AW, The Rare Barrel: Jay, my college roommate at UCSB, and I decided to start a brewery right around college graduation. We loved how beer brought people together, and were young with just the right amount of naïveté. We also knew that we had no professional experience, were not making good beer, and had no money. We sat down at Hollister Brewing Company and made a list of all the things we did not know how to do and started working down that list.
JP, Zillicoah Beer Co.: I knew I could make brewing a full-time job after moving to Asheville, N.C. I had never been aware of small breweries making beer by hand. Seeing the scene of small breweries convinced me that brewing was what I wanted to do every day.
What was the most significant difference between homebrewing and brewing on a professional level?
JW, Southern Grist: Man, there is a lot. One of the big ones I’d say is that homebrewing is strictly a hobby/passion project; Basically, you can do whatever the hell you want! On a professional level, while I still do some crazy things, at the end of the day brewing is a business. I cannot make the same pint of beer I used to at home, where COGS (cost of goods sold) were $8 a glass (laughs). Scaling up and learning how to brew with real equipment was also a big change.
KH, Horus Aged Ales: I noticed volume the most. Making that jump from a 1.5 BBL homebrew system to a 7 BBL or 15 BBL [professional system] is significant. It’s not just a simple matter of scaling up your recipes by multiplying the percentages of your grain bill based on the new volume. There are too many factors to list, but some things I needed to adjust to at the beginning were direct fire to steam differences, along with adjunct and barrel contact times. The smaller the vessel, the faster flavors will impart. This has been true for my methods with adjuncts and deciding how long things have to stay in barrels since I am using much larger equipment, now.
AM, Great Notion Brewing: Everything scaled up pretty well. We placed third in a blind IPA competition with our first commercially-made beer, Juice Jr. I think since we brewed IPAs with restrained bitterness we had an easier time than people who scaled up to bitter bombs. The main difference was learning how to schedule brews and manage our yeast. At home, you brew what you want whenever you want. Commercially, you commit to a certain beer being ready at a specific time. You have to really plan that out.
Another thing that was different to me was brewing the same beer consistently. It can get a little boring. We had a small pub and kept running out of our “flagship” beers, so we spent the great majority of our first couple years brewing the same five beers over and over again. We had lots of ideas that we were unable to use until we opened our new facility. Luckily, now that is not a problem. We have tons of different projects going on simultaneously.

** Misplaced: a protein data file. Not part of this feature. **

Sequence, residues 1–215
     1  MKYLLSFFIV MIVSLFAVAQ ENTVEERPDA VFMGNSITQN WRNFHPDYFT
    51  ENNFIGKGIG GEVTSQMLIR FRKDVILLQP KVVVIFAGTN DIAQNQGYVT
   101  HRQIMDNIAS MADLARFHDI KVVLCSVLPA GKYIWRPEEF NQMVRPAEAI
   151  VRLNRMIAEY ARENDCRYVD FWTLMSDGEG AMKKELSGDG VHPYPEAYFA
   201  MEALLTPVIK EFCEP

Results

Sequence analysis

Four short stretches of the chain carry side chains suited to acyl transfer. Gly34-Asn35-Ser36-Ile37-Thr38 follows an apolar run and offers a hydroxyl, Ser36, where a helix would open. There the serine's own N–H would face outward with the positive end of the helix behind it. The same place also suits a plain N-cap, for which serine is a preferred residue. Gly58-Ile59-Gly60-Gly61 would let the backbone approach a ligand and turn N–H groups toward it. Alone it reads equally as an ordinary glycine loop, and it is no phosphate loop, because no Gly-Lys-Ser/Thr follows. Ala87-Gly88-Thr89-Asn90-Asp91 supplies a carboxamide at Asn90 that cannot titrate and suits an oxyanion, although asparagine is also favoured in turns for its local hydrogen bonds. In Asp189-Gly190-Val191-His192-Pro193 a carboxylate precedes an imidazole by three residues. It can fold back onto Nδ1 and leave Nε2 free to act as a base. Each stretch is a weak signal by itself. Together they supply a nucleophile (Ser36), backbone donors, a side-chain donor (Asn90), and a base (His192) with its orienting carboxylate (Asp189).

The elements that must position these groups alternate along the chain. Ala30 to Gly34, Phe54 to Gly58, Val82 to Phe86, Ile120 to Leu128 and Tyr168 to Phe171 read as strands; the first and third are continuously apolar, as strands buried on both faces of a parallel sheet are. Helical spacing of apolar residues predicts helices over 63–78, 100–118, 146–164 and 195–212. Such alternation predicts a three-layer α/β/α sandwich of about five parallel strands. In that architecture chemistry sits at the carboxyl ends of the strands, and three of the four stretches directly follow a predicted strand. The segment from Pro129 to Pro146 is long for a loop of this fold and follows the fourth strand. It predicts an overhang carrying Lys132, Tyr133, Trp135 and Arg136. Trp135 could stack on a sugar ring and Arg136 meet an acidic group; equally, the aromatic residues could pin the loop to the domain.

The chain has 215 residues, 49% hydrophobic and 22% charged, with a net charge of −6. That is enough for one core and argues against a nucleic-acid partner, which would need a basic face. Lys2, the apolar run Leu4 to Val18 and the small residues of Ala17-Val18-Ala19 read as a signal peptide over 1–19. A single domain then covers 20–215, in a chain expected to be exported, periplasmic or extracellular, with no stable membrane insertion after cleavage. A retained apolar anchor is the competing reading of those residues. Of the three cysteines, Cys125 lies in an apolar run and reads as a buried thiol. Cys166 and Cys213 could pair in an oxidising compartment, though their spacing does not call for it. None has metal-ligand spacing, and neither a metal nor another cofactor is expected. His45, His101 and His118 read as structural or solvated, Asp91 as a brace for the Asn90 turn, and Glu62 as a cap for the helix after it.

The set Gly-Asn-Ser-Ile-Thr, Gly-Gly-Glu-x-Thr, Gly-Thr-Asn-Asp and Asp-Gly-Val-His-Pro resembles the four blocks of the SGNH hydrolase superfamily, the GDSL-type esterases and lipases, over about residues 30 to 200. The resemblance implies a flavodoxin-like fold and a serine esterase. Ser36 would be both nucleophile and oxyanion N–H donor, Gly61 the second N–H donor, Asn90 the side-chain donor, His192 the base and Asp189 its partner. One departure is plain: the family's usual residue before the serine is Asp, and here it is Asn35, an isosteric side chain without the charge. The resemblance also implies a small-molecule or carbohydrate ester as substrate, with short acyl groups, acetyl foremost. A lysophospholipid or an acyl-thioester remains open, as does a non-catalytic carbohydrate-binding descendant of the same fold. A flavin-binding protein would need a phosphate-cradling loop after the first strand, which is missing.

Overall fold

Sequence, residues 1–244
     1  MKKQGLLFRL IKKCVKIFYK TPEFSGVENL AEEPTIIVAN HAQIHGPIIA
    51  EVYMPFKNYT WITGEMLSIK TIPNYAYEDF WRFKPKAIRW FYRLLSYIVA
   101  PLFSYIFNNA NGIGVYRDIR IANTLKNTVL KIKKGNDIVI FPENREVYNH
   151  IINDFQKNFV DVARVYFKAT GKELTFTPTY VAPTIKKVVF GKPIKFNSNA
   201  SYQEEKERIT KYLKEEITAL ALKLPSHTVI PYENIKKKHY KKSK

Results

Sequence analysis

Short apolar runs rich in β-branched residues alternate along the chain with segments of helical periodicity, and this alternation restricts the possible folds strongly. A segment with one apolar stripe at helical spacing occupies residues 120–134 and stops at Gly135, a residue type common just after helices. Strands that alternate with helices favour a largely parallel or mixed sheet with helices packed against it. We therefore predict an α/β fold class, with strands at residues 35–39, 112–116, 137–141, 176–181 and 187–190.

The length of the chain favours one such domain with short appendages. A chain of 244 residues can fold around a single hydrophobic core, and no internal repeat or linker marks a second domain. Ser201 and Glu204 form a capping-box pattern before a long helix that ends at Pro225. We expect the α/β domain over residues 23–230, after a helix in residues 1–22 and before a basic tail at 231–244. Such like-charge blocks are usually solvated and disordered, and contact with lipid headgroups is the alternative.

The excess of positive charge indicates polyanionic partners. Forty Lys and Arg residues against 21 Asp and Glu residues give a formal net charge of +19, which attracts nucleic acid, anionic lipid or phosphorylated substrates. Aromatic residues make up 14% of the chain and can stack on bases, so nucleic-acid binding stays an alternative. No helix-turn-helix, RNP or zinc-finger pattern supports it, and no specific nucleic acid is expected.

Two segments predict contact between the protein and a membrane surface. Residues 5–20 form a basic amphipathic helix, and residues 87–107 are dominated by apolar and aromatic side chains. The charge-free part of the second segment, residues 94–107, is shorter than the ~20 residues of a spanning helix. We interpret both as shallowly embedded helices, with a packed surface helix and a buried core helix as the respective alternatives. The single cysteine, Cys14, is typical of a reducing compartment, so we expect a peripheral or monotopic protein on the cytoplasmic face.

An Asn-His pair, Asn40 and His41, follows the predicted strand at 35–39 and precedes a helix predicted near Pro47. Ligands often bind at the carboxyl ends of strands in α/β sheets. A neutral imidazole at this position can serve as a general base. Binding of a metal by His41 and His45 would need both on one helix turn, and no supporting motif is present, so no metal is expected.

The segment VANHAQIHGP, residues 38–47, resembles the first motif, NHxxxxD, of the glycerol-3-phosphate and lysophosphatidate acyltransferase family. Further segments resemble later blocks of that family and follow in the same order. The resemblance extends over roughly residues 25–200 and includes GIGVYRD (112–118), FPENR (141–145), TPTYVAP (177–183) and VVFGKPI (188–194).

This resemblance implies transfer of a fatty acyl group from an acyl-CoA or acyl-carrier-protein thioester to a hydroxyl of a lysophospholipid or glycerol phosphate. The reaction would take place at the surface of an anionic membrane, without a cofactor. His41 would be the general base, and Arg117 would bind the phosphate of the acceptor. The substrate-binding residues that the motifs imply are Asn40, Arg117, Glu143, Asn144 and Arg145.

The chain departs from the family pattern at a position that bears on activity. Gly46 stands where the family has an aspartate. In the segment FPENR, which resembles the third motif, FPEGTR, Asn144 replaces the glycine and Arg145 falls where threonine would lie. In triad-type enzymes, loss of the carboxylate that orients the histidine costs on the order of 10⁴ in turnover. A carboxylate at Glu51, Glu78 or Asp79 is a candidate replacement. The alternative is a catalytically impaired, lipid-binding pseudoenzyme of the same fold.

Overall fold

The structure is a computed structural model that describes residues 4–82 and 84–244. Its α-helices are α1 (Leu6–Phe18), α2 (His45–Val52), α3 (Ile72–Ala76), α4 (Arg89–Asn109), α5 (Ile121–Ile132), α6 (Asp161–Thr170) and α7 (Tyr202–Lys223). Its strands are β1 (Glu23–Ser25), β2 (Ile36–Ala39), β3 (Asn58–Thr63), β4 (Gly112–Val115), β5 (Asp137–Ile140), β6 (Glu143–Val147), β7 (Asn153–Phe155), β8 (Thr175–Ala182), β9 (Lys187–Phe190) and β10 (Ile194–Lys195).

AW, The Rare Barrel: I’ve homebrewed a bunch, but I have never actually been a professional brewer. Jay brought the professional brewing side to our team at The Rare Barrel. That being said, one of the most significant differences between making sour beers on a homebrew and professional level is having a variety of barrels (or carboys) to blend together. Almost all of our beers are blended, which adds a real artistic element, but also a significant advantage because you can select different barrels based on their attributes to make a sum that is greater than the parts. It’s like the difference between trying to paint with one color or 10 colors. I’d recommend that if you are going to make sour beer on a homebrew level, get a couple of carboys going so that you have some blending stock.
JP, Zillicoah Beer Co.: The biggest difference between professional brewing and homebrewing was the amount of cleaning I did on the pro level: 90% cleaning, 10% brewing.
Aside from the basics, what was one homebrew tool, book, or piece of gear that became essential to homebrewing?
JW, Southern Grist: I was a devout Brewing Network listener; I really learned a lot from that podcast back in the day. I am dead serious when I say that I would listen to it every night while I worked out at the gym. Also, I read three or four books before I ever brewed my first batch. I think education and understanding is key.
KH, Horus Aged Ales: Ironically, the book that became essential to my brewing was The Compleat Meadmaker by Ken Schramm. While I also dabble in meadmaking at home, it really improved my brewing, especially with stout recipe formulation and barrel-aged sour re-fermentation. The book taught me how to look at complex sugars in new ways, open my mind to different fruiting techniques, staggering fermentation, and yeast exhaustion, and of course, how to handle honey.
AM, Great Notion Brewing: The book I used the most was Jamil Zainasheff’s Brewing Classic Styles. I loved brewing a similar recipe from the book and then slowly getting further and further away from the classic example. Also, the two tools that I would really suggest would be a refractometer and a pH meter. The refractometer just makes life easier on brew day and the pH meter is helpful in so many different applications.
AW, The Rare Barrel: Temperature controlled fermentation is probably the most important piece of equipment you can use as a homebrewer. It’s all about dialing in your fermentation. I still remember the day that Jay and Brit surprised me with a special birthday gift, a refrigerator that Jay converted into something I could use to temperature control a carboy and/or as a kegerator. I loved Brit and Jay before they gave me that gift, but I think that really sealed the deal for me marrying the former and becoming partners with the latter.